For years, a wall of isolation between the United States and North Korea has been steadily building. The Korean War never officially ended, and it has been followed by decades of economic sanctions and frozen diplomatic channels.
An executive order issued by President Trump in August outlined travel restrictions that limit U.S. citizens from visiting North Korea — one more layer of bricks in the symbolic wall between our two countries.
But despite the escalation of tensions between leaders, it is important to highlight some cracks in this wall — places where isolation has been interrupted by relationships.
Humanitarian engagement that facilitates face-to-face exchanges between people living in the U.S. and North Korea is one of the most important signs of hope in these troubled times. Mennonite Central Committee has worked in North Korea for more than 20 years, interrupting the narrative that our country has no interest in relationships with North Koreans. Through disaster response, assistance to orphanages, care centers for the elderly and people living with tuberculosis and hepatitis, MCC demonstrates concern for the most vulnerable in North Korea.
Getting to know North Koreans disrupts stereotypes and has paved the way for deeper relationships and understanding between MCC and North Korean counterparts. This is a missing link that could move diplomacy forward.
Despite raising these ideas with U.S. officials, there seems to be little appetite for pursuing genuine engagement. While the Secretary of State recently divulged that the U.S. does have a few limited channels for talking to North Koreans, this glimmer of progress was swiftly undermined by rash statements from the president. The Trump administration should be looking for every possible avenue for communication with North Korea to reduce tensions and find issues of common interest, allowing us to take even small steps toward renewed engagement.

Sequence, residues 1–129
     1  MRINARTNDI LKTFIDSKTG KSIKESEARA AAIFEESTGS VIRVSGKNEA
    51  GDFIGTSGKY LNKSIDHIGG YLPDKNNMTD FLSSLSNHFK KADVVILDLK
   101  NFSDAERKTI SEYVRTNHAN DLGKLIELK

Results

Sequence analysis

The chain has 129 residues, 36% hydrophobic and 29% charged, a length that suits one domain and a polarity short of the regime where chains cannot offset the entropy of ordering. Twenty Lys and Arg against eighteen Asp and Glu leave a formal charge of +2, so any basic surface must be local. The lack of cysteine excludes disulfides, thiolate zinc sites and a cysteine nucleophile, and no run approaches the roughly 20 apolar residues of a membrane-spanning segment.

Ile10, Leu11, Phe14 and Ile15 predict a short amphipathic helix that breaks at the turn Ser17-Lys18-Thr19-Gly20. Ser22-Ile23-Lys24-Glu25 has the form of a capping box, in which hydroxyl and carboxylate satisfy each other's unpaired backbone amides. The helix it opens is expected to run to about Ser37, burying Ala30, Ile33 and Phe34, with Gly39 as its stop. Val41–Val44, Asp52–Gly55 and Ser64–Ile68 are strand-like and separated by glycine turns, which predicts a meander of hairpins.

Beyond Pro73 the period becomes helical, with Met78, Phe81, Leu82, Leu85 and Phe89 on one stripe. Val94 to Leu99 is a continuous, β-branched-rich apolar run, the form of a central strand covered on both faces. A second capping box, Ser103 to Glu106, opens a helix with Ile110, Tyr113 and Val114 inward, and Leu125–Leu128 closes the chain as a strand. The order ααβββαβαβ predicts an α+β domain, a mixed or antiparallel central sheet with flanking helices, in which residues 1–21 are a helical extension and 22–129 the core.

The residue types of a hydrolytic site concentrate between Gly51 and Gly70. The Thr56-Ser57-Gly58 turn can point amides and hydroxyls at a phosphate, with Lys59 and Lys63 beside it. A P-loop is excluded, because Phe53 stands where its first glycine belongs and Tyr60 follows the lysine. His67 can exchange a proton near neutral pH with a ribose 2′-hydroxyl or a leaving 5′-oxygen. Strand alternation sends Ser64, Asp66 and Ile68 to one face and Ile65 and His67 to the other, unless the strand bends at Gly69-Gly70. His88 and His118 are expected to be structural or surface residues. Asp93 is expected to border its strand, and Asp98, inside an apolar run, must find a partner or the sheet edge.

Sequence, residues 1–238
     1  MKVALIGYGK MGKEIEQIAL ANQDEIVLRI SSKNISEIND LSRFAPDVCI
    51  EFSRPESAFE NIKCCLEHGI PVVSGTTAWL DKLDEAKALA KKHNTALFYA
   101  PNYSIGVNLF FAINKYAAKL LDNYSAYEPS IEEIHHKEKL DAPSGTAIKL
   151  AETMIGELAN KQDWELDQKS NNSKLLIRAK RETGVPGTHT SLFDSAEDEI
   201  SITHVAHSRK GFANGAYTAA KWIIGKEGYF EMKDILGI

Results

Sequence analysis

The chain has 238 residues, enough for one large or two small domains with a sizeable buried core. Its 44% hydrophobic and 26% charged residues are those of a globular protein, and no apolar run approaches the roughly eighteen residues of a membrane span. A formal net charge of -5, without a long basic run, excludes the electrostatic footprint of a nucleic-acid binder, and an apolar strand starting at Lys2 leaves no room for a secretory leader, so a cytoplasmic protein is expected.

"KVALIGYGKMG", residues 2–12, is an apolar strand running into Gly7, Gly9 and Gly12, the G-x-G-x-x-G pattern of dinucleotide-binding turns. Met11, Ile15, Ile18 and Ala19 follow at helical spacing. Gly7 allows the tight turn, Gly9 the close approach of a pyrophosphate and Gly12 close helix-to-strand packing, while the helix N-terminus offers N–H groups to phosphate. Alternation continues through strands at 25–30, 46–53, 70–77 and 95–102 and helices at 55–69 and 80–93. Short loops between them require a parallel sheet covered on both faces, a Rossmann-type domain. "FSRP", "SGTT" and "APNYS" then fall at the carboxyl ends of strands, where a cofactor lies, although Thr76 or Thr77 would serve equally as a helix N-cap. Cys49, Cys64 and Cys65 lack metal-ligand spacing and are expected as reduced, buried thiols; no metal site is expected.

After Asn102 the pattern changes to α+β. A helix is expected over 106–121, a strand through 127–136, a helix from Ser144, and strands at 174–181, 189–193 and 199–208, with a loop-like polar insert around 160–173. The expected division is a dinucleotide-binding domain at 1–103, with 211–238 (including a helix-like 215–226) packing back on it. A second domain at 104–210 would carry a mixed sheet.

Educational exchanges between U.S. citizens and North Koreans could be a place to start. MCC has facilitated numerous exchanges between people in the U.S., Canada and North Korea but is unable to do so presently in the U.S.
Another possibility is to resume operations to retrieve the remains of soldiers missing from the Korean War, a vital issue for families still waiting for closure. Operations could be restarted if the U.S. designates the recovery of remains as a humanitarian issue.
MCC has learned that constructive engagement in North Korea requires hours of conversation and a genuine interest to reach across ideological divides and connect with people. It isn’t rocket science, but this long, slow work of trust-building must precede diplomacy — and any talk of stopping rocket launches, for that matter.
With tensions between the U.S. and North Korean leadership threatening to destabilize the Asia-Pacific region and beyond, voices pushing for diplomacy and engagement must be taken seriously. There are real lives at stake, inside and outside of North Korea.
For people of faith, engaging North Korea may not follow the logic of political realities, but it does follow the kingdom logic of a “ministry of reconciliation” (2 Cor. 5:16-21), a hope that can interrupt fear and hostility.